Monsey Rebbe Delivers Invocation at the “State of the State”

The rebbe whose house in Monsey was the site of the Chanukah anti-Semitic attack delivered the invocation at the NY “State of the State” address today by Gov. Andrew Cuomo.

By: reporter

The rebbe whose house in Monsey was the scene of one of the worst anti-Semitic violence in years, delivered the invocation at the NY “State of the State” address today by Gov. Andrew Cuomo. This marked the first time a Chassidish Rav has given the blessing.

Rabbi Chaim Leibish Rottenberg, the Kossoner rebbe of Forshay Road, was visited by Governor Cuomo after the vicious attack in his home on Motzei Shabbos Chanukah.

Rabbi Rottenberg praised the “resilience of the Jewish people” and spoke with pride of his congregants, who continued their Chanukkah celebration the next day in spite of the horror of the attack.

“I will never forget the horror of that night, but I will also never forget how we continued to celebrate after that act, how we continued to rejoice in the miracle of Hanukkah,” Rottenberg said.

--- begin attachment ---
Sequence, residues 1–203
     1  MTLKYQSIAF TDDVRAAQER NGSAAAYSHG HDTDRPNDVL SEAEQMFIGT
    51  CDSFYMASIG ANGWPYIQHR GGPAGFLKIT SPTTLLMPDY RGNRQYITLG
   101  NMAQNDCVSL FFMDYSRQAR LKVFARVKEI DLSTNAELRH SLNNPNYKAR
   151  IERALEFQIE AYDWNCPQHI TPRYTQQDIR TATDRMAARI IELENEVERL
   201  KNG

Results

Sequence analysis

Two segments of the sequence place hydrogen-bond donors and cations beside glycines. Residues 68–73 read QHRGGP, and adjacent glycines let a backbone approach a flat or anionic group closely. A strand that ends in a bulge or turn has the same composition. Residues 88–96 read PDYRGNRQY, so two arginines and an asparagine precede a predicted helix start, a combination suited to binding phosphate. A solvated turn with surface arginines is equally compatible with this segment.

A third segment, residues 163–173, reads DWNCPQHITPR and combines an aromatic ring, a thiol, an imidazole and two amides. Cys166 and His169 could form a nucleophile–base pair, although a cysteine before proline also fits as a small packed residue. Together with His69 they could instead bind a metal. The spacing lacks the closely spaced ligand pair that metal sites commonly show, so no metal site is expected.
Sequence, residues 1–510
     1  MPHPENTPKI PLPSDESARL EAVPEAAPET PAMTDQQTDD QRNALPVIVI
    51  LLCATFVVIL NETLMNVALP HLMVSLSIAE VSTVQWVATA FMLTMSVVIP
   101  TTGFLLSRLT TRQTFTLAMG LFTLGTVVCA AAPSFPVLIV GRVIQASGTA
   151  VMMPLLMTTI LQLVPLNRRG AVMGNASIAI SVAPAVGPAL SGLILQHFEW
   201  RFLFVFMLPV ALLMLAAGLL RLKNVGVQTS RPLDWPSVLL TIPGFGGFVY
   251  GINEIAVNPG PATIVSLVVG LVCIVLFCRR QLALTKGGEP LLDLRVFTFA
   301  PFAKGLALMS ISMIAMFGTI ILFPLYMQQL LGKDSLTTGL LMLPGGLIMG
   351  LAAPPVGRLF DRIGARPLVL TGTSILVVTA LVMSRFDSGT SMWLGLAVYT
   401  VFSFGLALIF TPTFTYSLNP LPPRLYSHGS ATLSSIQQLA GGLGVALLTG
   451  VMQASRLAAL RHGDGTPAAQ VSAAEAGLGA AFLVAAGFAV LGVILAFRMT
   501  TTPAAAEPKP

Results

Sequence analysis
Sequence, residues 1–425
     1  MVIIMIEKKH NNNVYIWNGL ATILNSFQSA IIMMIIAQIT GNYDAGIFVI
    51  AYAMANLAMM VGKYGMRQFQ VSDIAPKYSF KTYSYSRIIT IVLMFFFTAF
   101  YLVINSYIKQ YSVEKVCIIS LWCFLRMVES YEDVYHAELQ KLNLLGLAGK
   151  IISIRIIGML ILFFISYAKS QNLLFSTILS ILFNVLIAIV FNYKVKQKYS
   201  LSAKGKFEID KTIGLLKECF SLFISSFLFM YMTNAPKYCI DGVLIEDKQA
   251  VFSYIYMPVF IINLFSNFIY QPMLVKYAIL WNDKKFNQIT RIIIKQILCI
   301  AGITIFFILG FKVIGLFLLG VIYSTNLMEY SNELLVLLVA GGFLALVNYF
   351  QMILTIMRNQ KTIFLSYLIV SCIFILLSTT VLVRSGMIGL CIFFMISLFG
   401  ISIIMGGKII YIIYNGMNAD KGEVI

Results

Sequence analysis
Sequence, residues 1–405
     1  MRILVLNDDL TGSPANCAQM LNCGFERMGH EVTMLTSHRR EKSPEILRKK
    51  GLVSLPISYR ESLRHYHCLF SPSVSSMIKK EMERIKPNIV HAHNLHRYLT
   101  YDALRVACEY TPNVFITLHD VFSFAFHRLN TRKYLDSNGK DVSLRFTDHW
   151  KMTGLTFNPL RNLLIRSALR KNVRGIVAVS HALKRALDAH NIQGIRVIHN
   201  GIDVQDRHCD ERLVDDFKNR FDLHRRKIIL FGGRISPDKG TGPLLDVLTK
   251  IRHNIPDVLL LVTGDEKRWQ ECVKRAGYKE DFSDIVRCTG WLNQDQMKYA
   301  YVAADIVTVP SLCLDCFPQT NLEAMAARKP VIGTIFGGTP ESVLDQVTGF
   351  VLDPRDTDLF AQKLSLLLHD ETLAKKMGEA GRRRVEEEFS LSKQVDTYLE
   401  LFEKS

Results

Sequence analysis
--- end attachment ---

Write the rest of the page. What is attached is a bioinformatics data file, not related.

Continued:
“I will never forget the resilience on display that night and in the following days, the resilience of the Jewish people and the resilience of New York.”

Early in his speech, Gov. Cuomo recognized Rottenberg and Josef Gluck, a 32-year-old Monsey resident credited with using a wooden table to help put an end to the attack.

The governor called the Monsey attack “intolerable,” vowing to defend the Orthodox Jewish people from anti-Semitism.

“I want you to know that I speak for all the people of the state of New York when I say we stand in solidarity and love with you and your community,” Cuomo said. “It is appalling what happened.”

Cuomo used his speech to reiterate his call for a law bolstering penalties for hate crimes that result in mass casualties, making them punishable by life in prison without parole.

He also called for a funding boost for State Police’s hate crimes task force, as well as bolstering tolerance education in schools. 

“New York is not New York without the Jewish community,” Cuomo said. “Period.”

Governor Cuomo’s 2020 State of the State agenda also included more than 30 proposals that he has outlined on his website. Many of the proposals are in line with so-called ‘progressive’ agendas including banning the use of single-use styrofoam food containers and advancing net neutrality.

Other proposals include those that would not immediately impact the budget, as well as those that could bring in revenues for the state. Currently, the state is beginning the new year facing a $6 billion budget gap.

Photos: Kevin P. Coughlin/Office of Governor Andrew M. Cuomo

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